Every picture paints a story, and behind every picture is, often, an inspirational tale.
At least, this is true for these three Boston-area women. Each left a more traditional career behind to unapologetically follow a burgeoning passion for creating art.
Artist: Sallie Strand
Seated in her sunlit studio at the water’s edge in the Rocky Neck artist colony of Gloucester, Massachusetts, Sallie Strand says, “I’ve always loved art, but I can’t draw.”
We beg to differ. A curated selection of riveting canvases in bold draws my eye her studio walls. Strand clarifies, “Then, I took a class in abstract art and thought, I can do this!”
Strand, divorced since her three children were young, lives and works at her North Shore retreat during the summer. For the rest of the year, she’s at Lincoln Studios in Waltham.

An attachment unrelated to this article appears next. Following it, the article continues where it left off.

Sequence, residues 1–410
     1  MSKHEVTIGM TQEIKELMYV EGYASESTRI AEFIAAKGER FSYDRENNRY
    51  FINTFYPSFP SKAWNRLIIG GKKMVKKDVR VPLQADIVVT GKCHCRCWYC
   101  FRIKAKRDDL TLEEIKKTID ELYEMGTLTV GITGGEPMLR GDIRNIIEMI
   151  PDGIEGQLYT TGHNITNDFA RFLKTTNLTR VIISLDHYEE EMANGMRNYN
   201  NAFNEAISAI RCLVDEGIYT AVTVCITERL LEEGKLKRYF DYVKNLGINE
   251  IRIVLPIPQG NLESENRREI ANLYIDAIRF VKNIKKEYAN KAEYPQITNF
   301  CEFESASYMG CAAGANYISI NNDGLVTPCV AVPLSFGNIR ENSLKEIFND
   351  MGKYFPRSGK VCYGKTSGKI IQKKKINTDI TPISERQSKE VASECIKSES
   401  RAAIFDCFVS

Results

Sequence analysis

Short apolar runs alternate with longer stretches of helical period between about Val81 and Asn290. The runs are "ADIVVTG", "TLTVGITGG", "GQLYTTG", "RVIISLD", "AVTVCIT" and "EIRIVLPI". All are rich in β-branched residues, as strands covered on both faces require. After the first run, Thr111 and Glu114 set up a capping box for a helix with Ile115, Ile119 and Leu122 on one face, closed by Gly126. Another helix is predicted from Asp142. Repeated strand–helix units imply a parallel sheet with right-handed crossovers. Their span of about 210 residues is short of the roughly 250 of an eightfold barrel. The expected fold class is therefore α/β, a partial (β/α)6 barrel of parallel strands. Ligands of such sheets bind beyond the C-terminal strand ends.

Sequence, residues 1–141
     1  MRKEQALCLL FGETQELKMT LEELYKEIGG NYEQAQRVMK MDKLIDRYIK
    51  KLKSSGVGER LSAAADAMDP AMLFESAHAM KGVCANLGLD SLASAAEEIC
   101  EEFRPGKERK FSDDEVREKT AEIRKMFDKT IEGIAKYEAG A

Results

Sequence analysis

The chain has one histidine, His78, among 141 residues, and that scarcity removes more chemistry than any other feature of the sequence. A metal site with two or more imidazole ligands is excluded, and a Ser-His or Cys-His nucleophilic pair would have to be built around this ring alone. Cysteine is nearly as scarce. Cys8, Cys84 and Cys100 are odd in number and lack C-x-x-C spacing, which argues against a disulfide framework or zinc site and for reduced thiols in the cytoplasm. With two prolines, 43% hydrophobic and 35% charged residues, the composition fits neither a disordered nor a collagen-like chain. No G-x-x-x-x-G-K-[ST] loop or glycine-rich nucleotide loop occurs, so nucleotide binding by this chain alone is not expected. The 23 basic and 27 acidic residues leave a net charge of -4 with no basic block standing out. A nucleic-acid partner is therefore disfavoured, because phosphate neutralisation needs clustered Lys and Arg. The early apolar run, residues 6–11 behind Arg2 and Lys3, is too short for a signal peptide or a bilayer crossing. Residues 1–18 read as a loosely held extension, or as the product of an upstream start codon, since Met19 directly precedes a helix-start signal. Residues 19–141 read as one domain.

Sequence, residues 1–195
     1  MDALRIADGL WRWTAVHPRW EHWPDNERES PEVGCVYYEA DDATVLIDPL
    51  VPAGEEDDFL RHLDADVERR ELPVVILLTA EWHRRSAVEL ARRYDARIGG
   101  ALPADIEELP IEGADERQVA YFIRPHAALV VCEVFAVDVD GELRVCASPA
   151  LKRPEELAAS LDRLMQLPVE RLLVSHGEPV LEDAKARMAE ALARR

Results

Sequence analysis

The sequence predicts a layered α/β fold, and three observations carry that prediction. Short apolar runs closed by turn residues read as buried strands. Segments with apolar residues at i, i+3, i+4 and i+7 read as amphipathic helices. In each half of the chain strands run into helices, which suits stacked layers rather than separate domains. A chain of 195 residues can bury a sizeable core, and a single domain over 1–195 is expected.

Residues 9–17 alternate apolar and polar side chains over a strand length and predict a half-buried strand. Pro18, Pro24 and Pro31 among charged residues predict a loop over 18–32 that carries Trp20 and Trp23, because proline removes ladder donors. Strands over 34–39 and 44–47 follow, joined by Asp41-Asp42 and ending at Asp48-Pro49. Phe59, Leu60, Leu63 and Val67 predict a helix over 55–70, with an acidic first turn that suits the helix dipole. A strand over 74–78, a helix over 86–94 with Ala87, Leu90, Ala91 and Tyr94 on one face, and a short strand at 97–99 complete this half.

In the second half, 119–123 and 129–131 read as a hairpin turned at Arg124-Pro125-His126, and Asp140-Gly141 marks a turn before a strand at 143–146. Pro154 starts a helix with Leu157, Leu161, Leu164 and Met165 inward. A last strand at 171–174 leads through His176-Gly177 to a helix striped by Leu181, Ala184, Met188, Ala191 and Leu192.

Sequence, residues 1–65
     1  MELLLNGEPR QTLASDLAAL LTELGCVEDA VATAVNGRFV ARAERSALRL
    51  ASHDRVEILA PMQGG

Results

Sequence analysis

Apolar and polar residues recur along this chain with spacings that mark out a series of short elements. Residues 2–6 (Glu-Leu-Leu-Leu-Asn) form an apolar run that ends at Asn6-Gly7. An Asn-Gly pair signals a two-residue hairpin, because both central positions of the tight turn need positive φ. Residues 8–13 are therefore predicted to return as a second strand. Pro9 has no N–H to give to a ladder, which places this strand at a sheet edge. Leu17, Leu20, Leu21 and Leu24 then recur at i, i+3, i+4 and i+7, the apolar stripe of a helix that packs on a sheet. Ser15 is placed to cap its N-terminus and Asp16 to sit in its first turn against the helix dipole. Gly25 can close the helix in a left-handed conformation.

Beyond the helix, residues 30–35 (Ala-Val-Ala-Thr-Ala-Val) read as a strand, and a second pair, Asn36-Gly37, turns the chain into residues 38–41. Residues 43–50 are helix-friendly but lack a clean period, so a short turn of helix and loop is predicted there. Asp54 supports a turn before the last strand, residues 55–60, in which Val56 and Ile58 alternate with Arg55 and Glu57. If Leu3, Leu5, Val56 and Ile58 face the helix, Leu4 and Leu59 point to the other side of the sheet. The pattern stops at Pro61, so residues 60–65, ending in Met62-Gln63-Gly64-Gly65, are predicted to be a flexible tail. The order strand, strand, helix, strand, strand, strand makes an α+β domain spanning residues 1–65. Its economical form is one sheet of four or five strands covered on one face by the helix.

Strand was gainfully employed as a pastry chef and, later, as a dietician. Then, six years ago, she inherited some money and could afford to leave her job.
“Being a dietician was not creative,” she reflects. “It was very rote. It wasn’t speaking to my soul.”
Emotion plays a huge part in Strand’s creative process. “Many layers of feeling goes into [a painting], just like in life,” she observes.
She has titled three of her painting series “Connections,” “Mantra” and “Relationships.” The intangible moods that inspire her work — from energetic to contemplative — take shape as palpable applications of her preferred medium, oil stick. Rich and creamy, the oil stick pigment suspended in beeswax and linseed oil is “like butter,” she says, “so it feels a little like going back to my pastry roots.”
Some of the tools she uses — palette knives, silicon bowl scrapers and a pastry wheel — harken back to her culinary endeavors, and she explains that the gratification of painting is similar to what she got from baking.
“Someone is buying a piece of me that I’ve nurtured and sent out into the world. It’s like a cake I might bake for someone, but it’s a lot less fattening.”